I know what you’re thinking about Lance Lynn. I know, because I’m thinking the same thing.
Lynn’s numbers aren’t that comforting, and I get that. A 5.10 ERA, 4.73 FIP and almost six walks per nine innings doesn’t appear, at face value, to be a move that’s the difference between winning the AL East and taking the Wild Card. The truth is, though, that’s not why Brian Cashman traded for Lynn. His only job with the Yankees, as best as we can tell, is to shore up the positions where one can never have too much depth.
Earlier in the season, the Yankees were surprising a lot of people with how their starting rotation was holding up. The team was rolling five deep, with good depth in the minors should the worst happen. Then, the worst kind of did happen. Jordan Montgomery required Tommy John surgery, Masahiro Tanaka hurt both hamstrings, and Sonny Gray set himself on fire and then jumped in the ocean. He has only just begun to emerge from the waters.
The replacements, the depth the team started with, were no better. Domingo German proved he wasn’t ready for the majors, and now has ulnaritis to boot. Jonathan Loáisiga proved himself to be an interesting piece, but now he’s nursing a bum shoulder. Losing four pitchers to injury in a matter of weeks, coupled with Gray’s ineffectiveness, proves the old adage about never having enough starting pitching.
As for Lynn, he’s come around over the past two months. Like a lot of free agents signed over the winter, his holdout meant he missed extensive amounts of spring training. After getting off to a very rough start in a new league, he’s worked into the sixth inning in seven of his last 12 starts. In 11 of them, he’s gone five innings, with only one meltdown in there. That’s a better run of success than Gray or German had over a similar timespan, and Lynn comes with the bonus of being able to relieve, which is where he’ll start his time in pinstripes.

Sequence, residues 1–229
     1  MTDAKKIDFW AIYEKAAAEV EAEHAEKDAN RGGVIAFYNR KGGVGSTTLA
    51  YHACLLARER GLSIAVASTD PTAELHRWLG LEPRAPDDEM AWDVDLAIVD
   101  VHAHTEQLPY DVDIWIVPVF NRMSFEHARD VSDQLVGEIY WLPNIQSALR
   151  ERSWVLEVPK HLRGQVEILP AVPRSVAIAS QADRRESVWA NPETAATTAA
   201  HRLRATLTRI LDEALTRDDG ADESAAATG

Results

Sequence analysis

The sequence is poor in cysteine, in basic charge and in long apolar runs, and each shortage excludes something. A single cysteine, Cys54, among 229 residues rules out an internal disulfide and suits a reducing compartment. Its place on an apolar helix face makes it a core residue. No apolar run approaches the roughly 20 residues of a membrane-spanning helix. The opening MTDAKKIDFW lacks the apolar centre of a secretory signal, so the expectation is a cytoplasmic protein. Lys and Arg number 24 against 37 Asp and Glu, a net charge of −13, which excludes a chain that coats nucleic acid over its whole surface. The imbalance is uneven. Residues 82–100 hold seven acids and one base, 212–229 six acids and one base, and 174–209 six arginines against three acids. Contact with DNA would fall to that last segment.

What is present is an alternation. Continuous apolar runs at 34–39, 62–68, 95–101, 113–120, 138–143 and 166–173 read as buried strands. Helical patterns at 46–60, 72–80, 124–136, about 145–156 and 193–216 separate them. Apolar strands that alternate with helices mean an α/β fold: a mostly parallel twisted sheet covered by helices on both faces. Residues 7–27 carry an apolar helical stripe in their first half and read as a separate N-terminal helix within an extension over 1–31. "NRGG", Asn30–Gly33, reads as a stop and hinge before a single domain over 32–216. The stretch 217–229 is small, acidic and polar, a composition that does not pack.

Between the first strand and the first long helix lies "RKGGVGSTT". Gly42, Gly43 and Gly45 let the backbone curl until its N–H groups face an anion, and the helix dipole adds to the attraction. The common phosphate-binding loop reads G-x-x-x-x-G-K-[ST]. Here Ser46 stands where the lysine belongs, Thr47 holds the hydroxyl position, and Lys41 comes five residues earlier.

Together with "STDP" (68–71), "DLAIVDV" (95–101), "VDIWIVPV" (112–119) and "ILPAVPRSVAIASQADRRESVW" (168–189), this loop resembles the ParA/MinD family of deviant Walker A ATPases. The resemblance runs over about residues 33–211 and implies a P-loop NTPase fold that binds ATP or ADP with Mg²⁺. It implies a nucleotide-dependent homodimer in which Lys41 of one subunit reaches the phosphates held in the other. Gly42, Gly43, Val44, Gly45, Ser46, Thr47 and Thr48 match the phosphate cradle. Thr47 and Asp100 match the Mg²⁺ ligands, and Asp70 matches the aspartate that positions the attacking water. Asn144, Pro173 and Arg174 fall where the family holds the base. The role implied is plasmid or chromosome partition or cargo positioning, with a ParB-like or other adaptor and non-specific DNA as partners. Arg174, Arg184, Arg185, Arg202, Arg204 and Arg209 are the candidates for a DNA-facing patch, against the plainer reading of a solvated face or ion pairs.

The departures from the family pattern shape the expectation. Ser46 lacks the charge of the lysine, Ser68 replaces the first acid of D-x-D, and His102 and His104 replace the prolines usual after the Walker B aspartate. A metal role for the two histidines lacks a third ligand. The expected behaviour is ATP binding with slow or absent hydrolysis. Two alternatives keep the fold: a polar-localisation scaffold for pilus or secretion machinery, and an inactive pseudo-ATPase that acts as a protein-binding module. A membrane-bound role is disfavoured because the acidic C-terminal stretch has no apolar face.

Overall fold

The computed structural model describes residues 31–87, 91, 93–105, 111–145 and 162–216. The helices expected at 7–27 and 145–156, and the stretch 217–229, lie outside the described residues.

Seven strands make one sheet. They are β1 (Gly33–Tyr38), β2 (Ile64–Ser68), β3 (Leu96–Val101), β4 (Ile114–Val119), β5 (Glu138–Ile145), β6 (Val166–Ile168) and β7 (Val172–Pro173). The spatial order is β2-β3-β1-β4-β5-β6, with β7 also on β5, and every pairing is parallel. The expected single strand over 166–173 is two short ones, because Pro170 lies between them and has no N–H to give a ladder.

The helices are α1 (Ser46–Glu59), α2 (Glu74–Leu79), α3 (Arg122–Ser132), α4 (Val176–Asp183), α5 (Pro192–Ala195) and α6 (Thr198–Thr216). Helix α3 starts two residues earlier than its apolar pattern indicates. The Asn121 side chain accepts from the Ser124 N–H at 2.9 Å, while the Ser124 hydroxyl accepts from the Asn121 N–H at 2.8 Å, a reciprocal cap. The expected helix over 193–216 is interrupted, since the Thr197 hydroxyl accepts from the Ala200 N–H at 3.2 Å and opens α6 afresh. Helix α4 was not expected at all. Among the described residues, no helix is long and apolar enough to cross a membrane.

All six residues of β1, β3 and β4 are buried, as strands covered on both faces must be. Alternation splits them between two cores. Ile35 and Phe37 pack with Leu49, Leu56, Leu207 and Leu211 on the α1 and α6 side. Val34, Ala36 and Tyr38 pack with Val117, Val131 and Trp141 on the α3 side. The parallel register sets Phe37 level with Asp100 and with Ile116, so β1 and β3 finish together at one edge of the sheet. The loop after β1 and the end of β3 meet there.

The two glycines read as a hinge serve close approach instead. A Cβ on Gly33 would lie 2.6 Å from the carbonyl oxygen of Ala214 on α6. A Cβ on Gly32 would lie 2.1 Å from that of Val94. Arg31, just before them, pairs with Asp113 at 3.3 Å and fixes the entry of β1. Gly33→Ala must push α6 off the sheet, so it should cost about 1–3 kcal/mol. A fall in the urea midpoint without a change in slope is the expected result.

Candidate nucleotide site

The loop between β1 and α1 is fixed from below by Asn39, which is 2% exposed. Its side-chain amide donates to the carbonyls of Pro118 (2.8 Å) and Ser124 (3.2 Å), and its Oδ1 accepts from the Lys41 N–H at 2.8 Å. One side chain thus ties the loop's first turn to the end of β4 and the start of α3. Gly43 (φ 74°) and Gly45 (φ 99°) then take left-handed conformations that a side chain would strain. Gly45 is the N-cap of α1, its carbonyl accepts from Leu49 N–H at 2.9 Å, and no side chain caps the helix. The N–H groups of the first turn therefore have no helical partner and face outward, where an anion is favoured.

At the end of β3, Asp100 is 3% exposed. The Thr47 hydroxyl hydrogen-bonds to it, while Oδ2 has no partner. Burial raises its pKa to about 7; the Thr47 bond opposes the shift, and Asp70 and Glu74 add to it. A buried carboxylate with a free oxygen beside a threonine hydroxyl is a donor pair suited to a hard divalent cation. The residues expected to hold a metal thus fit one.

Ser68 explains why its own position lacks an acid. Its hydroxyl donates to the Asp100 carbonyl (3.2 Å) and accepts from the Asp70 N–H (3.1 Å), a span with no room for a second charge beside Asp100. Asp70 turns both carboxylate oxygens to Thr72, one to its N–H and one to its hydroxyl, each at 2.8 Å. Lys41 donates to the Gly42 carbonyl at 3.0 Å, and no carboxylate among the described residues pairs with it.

Insurance is never a fun discussion. Very few people sit around the dinner table engaged in passionate debate about risk pools and hedging. It’s still crucial to personal or professional enterprises, though, and transferring the burden of risk to another party is something to be applauded. That’s all Lance Lynn is, an unexciting yet possibly necessary insurance policy, to help raise the floor of this team just a bit should the worst happen.
And can’t you just see how pumped he is to assume that role.